As I’ve previously discussed on this blog, taxation is relevant to divorces in three main categories. The first relates to support, including child support and alimony. The second is about property distribution, called equitable distribution in Massachusetts. The third relates to certain deductions, filing status, etc., all of which are relevant when filing income tax returns. This article focuses on the second category: taxation of property received through equitable distribution in a divorce.

Generally speaking, under the United States tax code, a transfer of property from an individual to a spouse or former spouse incident to a divorce is not considered a gain or loss to either party.  Rather, any such transfer is treated as a gift under the federal income tax code. The reason that is relevant is not because there is tax at the time of transfer.  There isn’t. It is relevant because in any future convenience of that property by the person who received it in the divorce, the tax basis to calculate tax associated with any gain or loss is based on the basis had by the person transferring the property.

Basic Tax Gain Example.  I am admittedly using legal and tax jargon here, so this may all seem nonsensical.  Let me use an example to better illustrate. Let’s talk about basis, gain, and loss for a minute. Forget about the divorce part for now. Let’s say you purchase a house for $1 million. Let’s say that property appreciates in value by $200,000, and you then sell it for $1.2 million. The basis in the property is the original $1 million. Therefore, the gain on the property is $200,000. It’s the $200,000 that is taxed, meaning that the seller pays taxes on the $200,000.  I should note that am oversimplifying here and there are several other factors that may impact this tax calculation–for example, there may be an exemption if the property was a primary residence for two of the prior five years; or, there may be depreciation that would need to be accounted for if it was an investment property.  I am just keeping it simple to teach the basic lesson.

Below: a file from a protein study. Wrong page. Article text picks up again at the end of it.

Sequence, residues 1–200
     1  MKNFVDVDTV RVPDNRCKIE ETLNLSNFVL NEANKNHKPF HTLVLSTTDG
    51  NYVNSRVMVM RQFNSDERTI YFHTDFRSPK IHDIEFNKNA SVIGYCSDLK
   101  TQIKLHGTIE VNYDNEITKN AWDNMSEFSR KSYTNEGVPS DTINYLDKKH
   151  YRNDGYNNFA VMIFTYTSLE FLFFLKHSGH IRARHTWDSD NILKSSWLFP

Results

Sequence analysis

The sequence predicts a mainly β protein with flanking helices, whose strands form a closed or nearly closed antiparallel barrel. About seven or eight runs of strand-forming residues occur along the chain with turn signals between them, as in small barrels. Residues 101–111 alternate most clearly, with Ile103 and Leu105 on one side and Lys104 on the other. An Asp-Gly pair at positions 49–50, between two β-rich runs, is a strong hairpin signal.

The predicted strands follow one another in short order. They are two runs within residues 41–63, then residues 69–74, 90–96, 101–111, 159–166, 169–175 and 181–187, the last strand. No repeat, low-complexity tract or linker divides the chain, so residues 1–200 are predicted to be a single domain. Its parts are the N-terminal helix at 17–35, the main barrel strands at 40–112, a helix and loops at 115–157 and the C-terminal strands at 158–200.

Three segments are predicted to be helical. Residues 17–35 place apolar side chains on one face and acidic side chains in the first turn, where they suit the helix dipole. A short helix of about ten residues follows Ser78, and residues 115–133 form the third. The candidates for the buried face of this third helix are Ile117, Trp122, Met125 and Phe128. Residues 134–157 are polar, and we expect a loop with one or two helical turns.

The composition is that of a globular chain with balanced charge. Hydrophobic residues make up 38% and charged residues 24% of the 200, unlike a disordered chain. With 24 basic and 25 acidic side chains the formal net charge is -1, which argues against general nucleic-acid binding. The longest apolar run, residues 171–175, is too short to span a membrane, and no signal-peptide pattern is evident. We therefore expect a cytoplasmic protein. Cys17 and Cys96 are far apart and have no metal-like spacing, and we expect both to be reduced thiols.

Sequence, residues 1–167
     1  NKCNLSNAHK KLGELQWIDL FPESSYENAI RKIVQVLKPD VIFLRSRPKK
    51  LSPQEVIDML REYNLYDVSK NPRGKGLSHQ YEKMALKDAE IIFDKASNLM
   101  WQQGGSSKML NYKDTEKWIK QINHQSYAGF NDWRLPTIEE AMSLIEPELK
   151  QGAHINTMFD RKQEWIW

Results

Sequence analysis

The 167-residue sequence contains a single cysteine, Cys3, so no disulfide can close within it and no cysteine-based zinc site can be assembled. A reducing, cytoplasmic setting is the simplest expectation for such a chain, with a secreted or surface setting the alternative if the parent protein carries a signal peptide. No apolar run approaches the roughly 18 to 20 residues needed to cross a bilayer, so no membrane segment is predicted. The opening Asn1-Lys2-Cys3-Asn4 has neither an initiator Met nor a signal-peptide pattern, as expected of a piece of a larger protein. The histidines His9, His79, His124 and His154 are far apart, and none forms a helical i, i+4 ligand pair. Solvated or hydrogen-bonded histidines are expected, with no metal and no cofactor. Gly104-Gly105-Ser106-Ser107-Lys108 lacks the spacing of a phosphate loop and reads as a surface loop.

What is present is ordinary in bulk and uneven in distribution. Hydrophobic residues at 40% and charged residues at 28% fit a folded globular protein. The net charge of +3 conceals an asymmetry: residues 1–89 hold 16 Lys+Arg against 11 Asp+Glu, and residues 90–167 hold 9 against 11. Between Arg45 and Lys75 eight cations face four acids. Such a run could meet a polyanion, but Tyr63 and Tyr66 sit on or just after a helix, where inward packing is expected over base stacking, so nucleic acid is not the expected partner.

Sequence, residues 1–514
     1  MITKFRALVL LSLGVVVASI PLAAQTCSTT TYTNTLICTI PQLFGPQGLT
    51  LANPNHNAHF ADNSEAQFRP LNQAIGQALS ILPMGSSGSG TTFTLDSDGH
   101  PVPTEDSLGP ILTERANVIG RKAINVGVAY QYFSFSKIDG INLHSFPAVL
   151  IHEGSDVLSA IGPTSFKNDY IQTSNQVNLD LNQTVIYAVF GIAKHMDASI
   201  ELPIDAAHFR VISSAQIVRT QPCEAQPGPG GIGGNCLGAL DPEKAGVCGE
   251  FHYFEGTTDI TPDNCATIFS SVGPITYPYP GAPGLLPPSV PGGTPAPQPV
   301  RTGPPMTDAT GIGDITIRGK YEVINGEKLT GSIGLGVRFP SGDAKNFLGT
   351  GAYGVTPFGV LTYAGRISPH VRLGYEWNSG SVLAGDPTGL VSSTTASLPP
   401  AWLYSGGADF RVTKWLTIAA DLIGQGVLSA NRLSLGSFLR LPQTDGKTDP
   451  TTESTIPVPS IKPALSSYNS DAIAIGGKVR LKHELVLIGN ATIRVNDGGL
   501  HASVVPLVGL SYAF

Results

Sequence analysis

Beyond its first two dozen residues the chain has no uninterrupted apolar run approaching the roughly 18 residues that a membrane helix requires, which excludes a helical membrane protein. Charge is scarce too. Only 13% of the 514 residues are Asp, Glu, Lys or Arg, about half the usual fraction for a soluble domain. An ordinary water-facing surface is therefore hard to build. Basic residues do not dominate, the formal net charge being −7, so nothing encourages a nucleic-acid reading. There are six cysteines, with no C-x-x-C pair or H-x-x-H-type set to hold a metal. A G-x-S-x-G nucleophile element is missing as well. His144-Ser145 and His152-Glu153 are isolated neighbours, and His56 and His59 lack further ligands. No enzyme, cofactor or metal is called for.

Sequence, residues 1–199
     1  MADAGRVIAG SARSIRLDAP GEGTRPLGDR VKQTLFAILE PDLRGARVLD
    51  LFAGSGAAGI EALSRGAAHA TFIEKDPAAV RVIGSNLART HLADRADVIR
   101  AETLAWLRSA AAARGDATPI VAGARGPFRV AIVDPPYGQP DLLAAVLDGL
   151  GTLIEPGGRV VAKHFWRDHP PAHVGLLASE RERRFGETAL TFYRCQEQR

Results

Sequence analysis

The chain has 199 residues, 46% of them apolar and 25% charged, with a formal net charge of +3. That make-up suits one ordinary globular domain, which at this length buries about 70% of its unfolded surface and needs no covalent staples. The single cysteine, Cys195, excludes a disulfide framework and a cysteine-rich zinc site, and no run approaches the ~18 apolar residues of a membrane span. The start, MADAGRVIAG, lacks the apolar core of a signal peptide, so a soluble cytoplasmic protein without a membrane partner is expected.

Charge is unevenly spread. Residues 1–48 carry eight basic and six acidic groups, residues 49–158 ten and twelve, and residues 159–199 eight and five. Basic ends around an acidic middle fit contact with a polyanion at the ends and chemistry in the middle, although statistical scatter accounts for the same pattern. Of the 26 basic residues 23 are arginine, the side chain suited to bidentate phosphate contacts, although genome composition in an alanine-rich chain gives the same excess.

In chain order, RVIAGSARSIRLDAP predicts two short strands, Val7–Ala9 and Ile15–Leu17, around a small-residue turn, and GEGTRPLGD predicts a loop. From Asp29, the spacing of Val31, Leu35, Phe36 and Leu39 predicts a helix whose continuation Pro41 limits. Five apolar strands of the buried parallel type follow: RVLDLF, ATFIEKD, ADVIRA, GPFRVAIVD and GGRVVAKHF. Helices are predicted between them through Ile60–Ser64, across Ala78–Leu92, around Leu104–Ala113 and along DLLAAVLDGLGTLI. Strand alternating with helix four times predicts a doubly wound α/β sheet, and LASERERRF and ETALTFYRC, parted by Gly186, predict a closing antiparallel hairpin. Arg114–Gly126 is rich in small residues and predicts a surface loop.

Tax + Divorce Example.  Now, let’s apply the same basic hypothetical to a divorce. Let’s say the husband purchased the $1 million property prior to the marriage. Later, the parties got married, and during the marriage the property increased in value by $200,000. The parties then divorce, and the wife receives the property ou right through the equitable distribution plan. (Let’s just pause for a moment to clarify a potential burning question: If the property was in the husband’s name prior to the marriage, is it possible that the wife would get it in a divorce? Yes, it is quite possible, because in Massachusetts, we use a very broad definition of marital property, including essentially everything you own. Given a certain set of circumstances, it is possible the wife would get this house.)

Back to the tax issue. In our hypothetical, the parties are divorced and the wife has the $1.2 million property. She just received it at the conclusion of the divorce. One month later, she decides to sell the property that she just received. Are the taxes based on the $1 million value or the $1.2 million value?  Pursuant to the federal tax code, the wife will take the husband’s basis, and if she sells the property at $1.2 million, she will need to pay tax on the $200,000 gain.  Obviously, not considering this factor when negotiating settlement would be a problem.

What other Tax Rules Apply in a Divorce?  Now, we are talking about the federal tax code, so logically, there are many particulars and details to consider. The term “incident to divorce,” for example, has a whole body of case law defining it.  There is also special treatment and case law when payments are made by third parties. There are special rules that apply to interest on installment payments into retirement distributions.  We will discuss some of these and other articles on the website, but this article is designed to illustrate the basics and that we have done.

It goes without saying that devising an equitable distribution plan without considering the tax implications would be and unwise idea.  So two would be starting that conversation without understanding the likely tax implications of your case.  The best way to get a sense of what might happen in your case is to meet with an experienced divorce lawyer who understands the tax implications resulting from divorce. To schedule a free attorney consultation with our office, call 978-225-9030 during regular business hours or complete a contact form here and we will reach out to you at our earliest opportunity.